“Who Own Da Picks?”

It’s the All-Star break. It’s awful. Albeit John Scott, Brent Burns, and P.K. Subban did a lot to make it less awful, but not much is happening around the league and we’ve all had way too much time to spend considering claiming Raffi Torres on waivers.

With a month to go before the trade deadline, and the standings looked in for a few days, today seems like a reasonable time to take a look at who owns which draft pick heading into the trade deadline, and how that may make some teams better trade partners for the rebuilding Leafs.

Below is a quick and dirty simple table showing pick ownership based on the information on Pro Sports Transactions. They’ve got all the necessary detail of the conditions on each pick, but for the purpose of a quick table, we’ll just note there are conditions, and that means that pick is out of play.

For the purpose of convenience I’ve also left out any picks that will need to be given up as compensation for hiring a GM or Coach in the next three years. It’s safe to assume that in most cases teams will defer giving those up until the last possible moment.

The Leafs, of course are in this situation as they need to compensate both Detroit and New Jersey for the hirings of Mike Babcock and Lou Lamoriello with 3rd round picks by 2018. It seems unlikely that Toronto would be in any rush to do that, despite the near record setting volume of picks they already own.

You’ll also notice that next to the Penguins it shows the Leafs having the 1st and 2nd picks from Pittsburgh. It will be one or the other (presently the Leafs would get the first). Until the conditions have been determined, the picks are out of play in regards to trades.

draftpicks

First of all, it’s hard not to like where the Leafs are sitting in the pre-lottery draft order. The Auston Matthews spot would be better, but having a shot at one of the Finnish players or Jakob Chychrun isn’t a bad fallback. 

Secondly, it’s worth noting that the playoff-bound Coyotes presently own two first rounders, as do the potentially pushing for a playoff spot Hurricanes. Both of these teams are undergoing youth movements, but both teams also could use playoff ticket sales revenue even more.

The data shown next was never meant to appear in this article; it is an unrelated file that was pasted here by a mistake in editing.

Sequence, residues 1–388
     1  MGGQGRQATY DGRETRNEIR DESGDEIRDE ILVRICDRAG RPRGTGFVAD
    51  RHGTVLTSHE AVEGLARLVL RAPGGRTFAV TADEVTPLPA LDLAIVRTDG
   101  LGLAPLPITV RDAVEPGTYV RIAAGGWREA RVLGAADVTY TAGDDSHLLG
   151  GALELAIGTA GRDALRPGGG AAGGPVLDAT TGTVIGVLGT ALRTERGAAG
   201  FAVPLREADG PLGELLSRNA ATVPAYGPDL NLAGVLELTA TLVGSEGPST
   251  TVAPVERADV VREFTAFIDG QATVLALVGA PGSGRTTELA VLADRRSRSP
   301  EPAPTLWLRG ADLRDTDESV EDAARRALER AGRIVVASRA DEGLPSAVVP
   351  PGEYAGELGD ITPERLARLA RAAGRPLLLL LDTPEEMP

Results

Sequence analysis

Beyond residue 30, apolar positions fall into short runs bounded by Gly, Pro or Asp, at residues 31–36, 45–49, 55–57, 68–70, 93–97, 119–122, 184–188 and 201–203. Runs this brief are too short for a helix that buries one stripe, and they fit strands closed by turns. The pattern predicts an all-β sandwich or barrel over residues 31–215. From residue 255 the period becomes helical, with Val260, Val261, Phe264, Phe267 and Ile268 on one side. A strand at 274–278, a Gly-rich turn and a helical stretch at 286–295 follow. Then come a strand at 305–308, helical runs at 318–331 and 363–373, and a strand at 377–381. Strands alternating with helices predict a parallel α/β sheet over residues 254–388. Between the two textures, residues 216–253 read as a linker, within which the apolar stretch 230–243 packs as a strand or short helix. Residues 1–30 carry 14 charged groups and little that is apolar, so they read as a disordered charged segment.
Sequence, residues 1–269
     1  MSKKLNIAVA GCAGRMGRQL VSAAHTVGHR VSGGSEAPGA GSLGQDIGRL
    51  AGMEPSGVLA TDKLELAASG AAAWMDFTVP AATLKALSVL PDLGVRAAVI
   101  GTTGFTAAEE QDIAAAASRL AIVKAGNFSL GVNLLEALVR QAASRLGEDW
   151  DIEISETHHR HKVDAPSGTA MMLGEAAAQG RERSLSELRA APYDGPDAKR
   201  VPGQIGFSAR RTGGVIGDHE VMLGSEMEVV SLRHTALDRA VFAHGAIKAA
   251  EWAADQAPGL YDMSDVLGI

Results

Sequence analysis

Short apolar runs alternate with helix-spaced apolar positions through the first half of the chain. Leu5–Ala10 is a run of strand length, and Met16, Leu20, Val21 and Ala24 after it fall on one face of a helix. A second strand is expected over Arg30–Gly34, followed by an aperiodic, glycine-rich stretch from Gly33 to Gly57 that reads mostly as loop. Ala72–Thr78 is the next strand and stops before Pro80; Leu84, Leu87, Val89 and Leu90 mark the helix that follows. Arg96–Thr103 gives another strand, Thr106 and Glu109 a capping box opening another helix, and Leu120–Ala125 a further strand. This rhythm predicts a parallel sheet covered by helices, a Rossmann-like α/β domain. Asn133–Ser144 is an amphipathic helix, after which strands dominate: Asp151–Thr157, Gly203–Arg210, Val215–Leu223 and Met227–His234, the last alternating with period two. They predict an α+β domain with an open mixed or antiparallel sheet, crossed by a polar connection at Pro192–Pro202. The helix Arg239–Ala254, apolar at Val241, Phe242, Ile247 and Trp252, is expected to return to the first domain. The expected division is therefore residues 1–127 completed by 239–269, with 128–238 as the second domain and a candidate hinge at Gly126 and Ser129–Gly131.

Boston is also sitting on an extra first rounder, but I have my doubts that about whether the Leafs and Bruins can come together on something involving a 1st round pick again.

As far as high second round picks go, unfortunately most of them are also held by non-playoff teams, and Pittsburgh is presently the only playoff team with ownership of a high second that they could use to improve their playoff bound team.

The best bet, as it often is every year, is to attempt to find deals with bubble teams that are trying to make a run, but you don’t think they’ll quite get there. The Wild, Devils, Hurricanes, and Ducks are possibly the best bets currently on the outside, while teams like the Avalanche and Predators could slide in the standings and be decent options as well.

Unfortunately, the “big move” teams like the Rangers and Kings have already mortgaged their future, and don’t have 1sts to give up this year, but a number of the teams at the top of the standings have to be considering if this is their now or never run.

Compared to recent years there has been little movement in the top sixty at this point. Last year saw teams play very conservative with 1sts up until the trade deadline when panic set in, but 2nd round picks were moved freely without concern. We’re either seeing acknowledgement that this is probably a two round deep draft this year, or change in thinking where teams are beginning to attach higher value to 2nd round as well, which could be unfortunate for the Leafs with what they want to move this year.

Looking at the Leafs competition this year as sellers, I think they could benefit from the fact that teams like the Oilers, Blue Jackets, and Flames view themselves as further along in their rebuilding process and are less likely to blow up their rosters beyond some free agent moves (though the Flames do have some interesting free agents).

The Sabres are in the same boat as the Leafs, but most of their best selling plays were made last season. Mike Weber should be a decent asset for them, and Legwand is bound to find a new home, but they aren’t lined up to be a top to bottom wholesale like the Leafs.

  • magesticRAGE